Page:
According to The World Health Organization (WHO), 15 per cent of working-age adults have a mental disorder at any given time. The specialist health agency also released guidelines on mental health at work, emphasising that whilst managing mental health at work comes with challenges, it should not be seen as ‘onerous’ – rather “an opportunity for growth and sustainable development”.
The COVID-19 pandemic heightened the risk factors generally associated with poor mental health. Many businesses initially struggled to adapt to a remote work environment, and for some employees, this meant blurred work-life boundaries and longer working hours. According to mental health charity Mind, the lasting effects of COVID-19 combined with the cost-of-living crisis is “taking its toll on the nation’s mental health”.
It’s crucial for organisations to address concerns and cultivate a supportive, mentally healthy and positive workplace, however, having a strong understanding of mental health issues is vital. Remember, every individual’s experience of poor mental health is different. Several employees with the same condition may have entirely different emotions, coping mechanisms and symptoms.
Mental Health Awareness Week runs from 15th to 21st May 2023, and this year’s theme focuses on the impact of the cost of living crisis on our mental health. Anxiety is one of the most common mental health problems people face. While there are many ways to manage anxiety, reducing the stigma around mental health issues and promoting positive change is just as important. For businesses, taking steps to make changes at work can help with managing work-related anxiety. When an employee feels trusted and valued, they’ll likely be more productive. For GBS Corporate Training, Mental Health Awareness Week represents more than an important date in the diary; it’s an opportunity to increase people's awareness and understanding of anxiety and mental health issues. Below, we’ve detailed a few of our top tips to help organisations of all sizes improve employee mental health.
We touched on hybrid working environments and how the line between work and life has blurred in recent years. One way to support employee mental health is to implement specific policies that encourage work-life harmony. For example, you may introduce a "no emails after 5pm" policy to help employees disconnect from work and reduce their stress levels. Other approaches include flexible work arrangements, time off for mental health and employee assistance programs.
Employers can also incorporate mental health into the workday by offering mindfulness and meditation sessions, yoga classes or another form of wellness programme. These sessions can help employees manage stress, improve their mental health and increase their resilience.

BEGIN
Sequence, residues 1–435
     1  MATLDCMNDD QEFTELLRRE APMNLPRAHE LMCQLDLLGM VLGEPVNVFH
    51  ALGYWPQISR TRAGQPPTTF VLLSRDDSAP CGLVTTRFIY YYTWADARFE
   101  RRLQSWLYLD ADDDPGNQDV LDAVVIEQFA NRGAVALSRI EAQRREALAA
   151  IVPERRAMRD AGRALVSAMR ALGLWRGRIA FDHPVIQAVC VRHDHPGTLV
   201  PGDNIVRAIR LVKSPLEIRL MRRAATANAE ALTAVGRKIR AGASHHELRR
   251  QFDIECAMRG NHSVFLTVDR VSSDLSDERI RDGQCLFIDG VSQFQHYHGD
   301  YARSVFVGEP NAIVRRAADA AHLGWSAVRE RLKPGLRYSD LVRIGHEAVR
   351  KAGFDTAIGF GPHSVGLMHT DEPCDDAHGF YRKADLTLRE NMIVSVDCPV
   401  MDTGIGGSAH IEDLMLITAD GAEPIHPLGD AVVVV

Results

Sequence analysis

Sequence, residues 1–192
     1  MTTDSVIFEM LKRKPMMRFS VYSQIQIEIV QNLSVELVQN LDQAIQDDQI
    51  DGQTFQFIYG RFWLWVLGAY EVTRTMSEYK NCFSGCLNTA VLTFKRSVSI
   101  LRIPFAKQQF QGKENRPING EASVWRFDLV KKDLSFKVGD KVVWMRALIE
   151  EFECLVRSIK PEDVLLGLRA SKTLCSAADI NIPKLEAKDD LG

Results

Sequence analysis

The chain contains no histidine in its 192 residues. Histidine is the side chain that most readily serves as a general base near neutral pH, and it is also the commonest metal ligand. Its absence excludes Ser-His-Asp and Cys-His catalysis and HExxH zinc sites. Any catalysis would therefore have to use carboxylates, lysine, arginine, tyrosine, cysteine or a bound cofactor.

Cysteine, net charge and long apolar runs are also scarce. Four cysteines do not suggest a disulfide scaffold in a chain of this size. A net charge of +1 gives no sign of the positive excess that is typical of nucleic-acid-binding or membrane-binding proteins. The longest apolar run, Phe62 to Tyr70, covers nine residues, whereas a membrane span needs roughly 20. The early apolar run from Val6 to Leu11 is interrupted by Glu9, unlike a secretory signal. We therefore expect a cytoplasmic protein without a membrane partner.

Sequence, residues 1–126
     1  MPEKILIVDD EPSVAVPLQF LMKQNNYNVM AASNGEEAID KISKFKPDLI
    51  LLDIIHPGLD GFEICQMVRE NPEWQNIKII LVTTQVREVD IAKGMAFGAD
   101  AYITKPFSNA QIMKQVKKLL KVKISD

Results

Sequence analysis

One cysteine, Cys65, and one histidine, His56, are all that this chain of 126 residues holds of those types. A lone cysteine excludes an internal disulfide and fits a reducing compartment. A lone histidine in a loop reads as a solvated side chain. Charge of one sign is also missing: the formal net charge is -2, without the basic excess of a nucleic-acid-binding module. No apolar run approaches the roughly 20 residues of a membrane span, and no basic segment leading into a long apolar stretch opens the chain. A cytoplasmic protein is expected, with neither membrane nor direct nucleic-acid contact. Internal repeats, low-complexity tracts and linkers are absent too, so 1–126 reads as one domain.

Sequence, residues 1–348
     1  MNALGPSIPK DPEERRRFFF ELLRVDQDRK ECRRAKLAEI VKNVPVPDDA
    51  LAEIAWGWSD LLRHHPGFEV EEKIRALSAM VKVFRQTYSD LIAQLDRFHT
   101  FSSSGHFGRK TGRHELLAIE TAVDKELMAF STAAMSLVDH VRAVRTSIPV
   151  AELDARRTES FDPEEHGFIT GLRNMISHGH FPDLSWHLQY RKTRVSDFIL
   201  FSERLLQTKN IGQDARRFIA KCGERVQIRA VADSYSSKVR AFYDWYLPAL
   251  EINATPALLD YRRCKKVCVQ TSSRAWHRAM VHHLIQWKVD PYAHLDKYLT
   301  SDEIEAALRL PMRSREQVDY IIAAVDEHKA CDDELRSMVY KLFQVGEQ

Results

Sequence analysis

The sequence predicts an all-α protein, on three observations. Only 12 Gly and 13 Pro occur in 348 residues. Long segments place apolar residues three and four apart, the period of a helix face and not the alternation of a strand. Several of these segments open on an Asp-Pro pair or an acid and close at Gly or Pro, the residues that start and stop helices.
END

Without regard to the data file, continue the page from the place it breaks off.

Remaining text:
Creating a diverse, equitable, and inclusive workplace is critical for promoting mental health. By promoting diversity, employers can ensure that all employees feel valued, respected, and included. This sense of belonging can help reduce stress, anxiety, and other mental health issues. In our recent blog, we detailed how inclusive practices and environments are not just about embracing people's differences but also harnessing the positive power that these differences can have within workplaces and teams.
Rather than seeing lunchtime as a quick opportunity to grab a bite to eat and get back to work, employers should encourage socialising and connection through lunch clubs or social events. These events can help employees build relationships, reduce stress, and improve their overall mental health. Additionally, colleagues will feel more connected and enjoy a sense of community within the workplace.
By investing in mental health training, employees will gain vital skills, such as recognising the signs and symptoms of mental health issues in themselves and others, equipping them with the tools and knowledge they need to respond appropriately. You could provide guidance on dealing with difficult conversations about mental health and how to access support and resources. Employers can also demonstrate they value the mental health of their employees, which can boost employee engagement, retention, and overall job satisfaction.
At GBS Corporate Training, we've seen an increase in enquiries from organisations seeking Resilience and Personal Wellbeing, and Mental Health First-Aid training programmes. If you’re looking to increase the mental health support available for your employees, please contact us today.